Brain Matures a Few Years Late in ADHD, But Follows Normal Pattern
In youth with attention deficit hyperactivity disorder (ADHD), the brain matures in a normal pattern but is delayed three years in some regions, on average, compared to youth without the disorder, an imaging study by researchers at the National Institutes of Health’s (NIH) National Institute of Mental Health (NIMH) has revealed. The delay in ADHD was most prominent in regions at the front of the brain’s outer mantle (cortex), important for the ability to control thinking, attention and planning. Otherwise, both groups showed a similar back-to-front wave of brain maturation with different areas peaking in thickness at different times. See movie below.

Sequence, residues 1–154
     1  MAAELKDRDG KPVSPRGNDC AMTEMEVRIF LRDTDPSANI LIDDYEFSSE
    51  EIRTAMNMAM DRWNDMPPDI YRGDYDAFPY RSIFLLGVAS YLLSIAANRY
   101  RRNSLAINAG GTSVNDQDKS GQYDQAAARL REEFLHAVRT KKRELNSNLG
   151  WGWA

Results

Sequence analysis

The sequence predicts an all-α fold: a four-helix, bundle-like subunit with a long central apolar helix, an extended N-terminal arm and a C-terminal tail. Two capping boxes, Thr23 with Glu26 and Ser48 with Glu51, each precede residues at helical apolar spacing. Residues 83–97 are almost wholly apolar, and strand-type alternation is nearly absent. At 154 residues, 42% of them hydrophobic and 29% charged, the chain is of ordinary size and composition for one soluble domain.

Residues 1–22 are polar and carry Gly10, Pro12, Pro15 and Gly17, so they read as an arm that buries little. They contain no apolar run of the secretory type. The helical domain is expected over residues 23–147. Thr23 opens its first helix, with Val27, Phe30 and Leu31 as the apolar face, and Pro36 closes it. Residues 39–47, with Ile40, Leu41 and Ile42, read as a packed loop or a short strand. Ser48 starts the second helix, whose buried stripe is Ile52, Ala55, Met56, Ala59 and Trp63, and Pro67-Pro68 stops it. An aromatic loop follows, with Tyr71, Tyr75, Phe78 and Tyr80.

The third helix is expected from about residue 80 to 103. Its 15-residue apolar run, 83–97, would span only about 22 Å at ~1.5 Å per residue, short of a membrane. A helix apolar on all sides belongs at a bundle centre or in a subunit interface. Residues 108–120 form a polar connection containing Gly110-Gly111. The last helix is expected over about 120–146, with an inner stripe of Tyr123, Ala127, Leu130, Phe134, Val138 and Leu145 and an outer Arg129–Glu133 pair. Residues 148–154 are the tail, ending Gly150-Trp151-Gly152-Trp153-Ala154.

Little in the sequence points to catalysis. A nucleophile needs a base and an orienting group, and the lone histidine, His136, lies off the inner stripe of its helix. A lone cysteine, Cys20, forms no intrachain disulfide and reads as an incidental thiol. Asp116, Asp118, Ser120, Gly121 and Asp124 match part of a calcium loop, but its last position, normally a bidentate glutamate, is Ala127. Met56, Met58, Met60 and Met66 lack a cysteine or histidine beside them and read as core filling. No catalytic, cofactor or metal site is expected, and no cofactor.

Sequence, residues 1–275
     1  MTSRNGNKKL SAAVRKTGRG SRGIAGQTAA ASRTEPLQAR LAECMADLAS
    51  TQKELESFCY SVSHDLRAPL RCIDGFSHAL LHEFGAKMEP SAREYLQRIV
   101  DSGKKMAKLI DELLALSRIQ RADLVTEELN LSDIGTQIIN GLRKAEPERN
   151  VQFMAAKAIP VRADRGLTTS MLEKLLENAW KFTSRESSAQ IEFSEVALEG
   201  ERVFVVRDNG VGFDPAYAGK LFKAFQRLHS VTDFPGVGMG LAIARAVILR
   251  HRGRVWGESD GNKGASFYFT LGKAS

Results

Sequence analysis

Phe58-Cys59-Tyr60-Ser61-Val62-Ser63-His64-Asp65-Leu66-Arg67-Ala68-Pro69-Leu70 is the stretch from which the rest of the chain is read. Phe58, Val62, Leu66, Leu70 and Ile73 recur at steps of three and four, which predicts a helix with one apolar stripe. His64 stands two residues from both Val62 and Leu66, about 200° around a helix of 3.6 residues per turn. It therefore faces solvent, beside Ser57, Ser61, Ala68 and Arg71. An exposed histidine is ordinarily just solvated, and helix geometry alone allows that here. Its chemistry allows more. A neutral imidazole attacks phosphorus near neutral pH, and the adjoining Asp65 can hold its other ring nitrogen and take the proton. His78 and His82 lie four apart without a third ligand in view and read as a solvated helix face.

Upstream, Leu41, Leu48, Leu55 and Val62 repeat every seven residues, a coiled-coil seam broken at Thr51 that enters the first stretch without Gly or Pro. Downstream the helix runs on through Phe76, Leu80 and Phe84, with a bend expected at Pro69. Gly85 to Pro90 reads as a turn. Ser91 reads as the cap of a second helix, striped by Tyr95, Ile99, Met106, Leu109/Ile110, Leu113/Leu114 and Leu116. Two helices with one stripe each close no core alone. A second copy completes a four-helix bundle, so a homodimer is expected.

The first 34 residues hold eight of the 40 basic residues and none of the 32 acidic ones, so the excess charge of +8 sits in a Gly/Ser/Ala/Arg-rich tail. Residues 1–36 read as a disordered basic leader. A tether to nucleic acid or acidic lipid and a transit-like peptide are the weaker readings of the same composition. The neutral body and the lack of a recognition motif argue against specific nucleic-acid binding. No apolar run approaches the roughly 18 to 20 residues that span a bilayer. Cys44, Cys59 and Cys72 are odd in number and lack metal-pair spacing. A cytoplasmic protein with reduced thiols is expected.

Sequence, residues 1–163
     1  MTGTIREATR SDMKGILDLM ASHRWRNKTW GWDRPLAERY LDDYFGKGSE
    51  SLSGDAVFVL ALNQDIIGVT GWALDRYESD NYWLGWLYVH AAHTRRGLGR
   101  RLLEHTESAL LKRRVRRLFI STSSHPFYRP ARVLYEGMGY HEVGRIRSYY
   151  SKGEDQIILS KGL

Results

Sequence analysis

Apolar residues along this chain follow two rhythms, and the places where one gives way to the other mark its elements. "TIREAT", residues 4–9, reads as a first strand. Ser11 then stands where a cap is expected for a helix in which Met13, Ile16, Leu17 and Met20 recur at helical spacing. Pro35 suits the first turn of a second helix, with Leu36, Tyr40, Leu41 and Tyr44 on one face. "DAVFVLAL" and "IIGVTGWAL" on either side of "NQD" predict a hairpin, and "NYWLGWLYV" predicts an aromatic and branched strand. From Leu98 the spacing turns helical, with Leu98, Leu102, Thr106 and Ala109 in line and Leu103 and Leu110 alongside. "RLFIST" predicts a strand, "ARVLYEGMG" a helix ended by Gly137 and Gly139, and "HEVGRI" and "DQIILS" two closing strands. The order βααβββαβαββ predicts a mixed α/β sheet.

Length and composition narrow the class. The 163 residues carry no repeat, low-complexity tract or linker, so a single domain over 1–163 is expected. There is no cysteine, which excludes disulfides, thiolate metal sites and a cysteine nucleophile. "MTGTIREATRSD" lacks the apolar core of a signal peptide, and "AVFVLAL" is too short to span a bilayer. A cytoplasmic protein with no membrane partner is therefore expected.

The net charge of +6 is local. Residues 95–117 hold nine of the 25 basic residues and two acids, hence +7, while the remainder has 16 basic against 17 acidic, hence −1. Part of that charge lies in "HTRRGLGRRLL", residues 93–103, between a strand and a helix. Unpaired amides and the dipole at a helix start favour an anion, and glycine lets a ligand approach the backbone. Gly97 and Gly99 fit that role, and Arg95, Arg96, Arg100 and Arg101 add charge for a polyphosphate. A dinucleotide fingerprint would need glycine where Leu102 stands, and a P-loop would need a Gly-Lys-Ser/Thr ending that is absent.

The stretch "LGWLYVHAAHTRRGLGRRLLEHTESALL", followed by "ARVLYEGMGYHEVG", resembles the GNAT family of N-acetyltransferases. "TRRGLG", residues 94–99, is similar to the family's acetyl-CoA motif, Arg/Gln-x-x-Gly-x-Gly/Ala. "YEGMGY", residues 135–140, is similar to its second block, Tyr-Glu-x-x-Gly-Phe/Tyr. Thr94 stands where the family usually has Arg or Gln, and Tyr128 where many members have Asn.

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What Is Attention Deficit Hyperactivity Disorder (ADHD)?
Is it hard for your child to sit still? Does your child act without thinking first? Does your child start but not finish things? If so, your child may have ADHD. Nearly everyone shows some of these behaviors at times, but ADHD lasts more than 6 months and causes problems in school, at home and in social situations.
ADHD is more common in boys than girls. It affects 3-5 percent of all American children.
The main features of ADHD are
No one knows exactly what causes ADHD. It sometimes runs in families, so genetics may be a factor. There may also be environmental factors.
A complete evaluation by a trained professional is the only way to know for sure if your child has ADHD. Treatment may include medicine to control symptoms, therapy, or both. Structure at home and at school is important. Parent training may also help.
- NIH: National Institute of Mental Health
Last Date Updated on January 2, 2015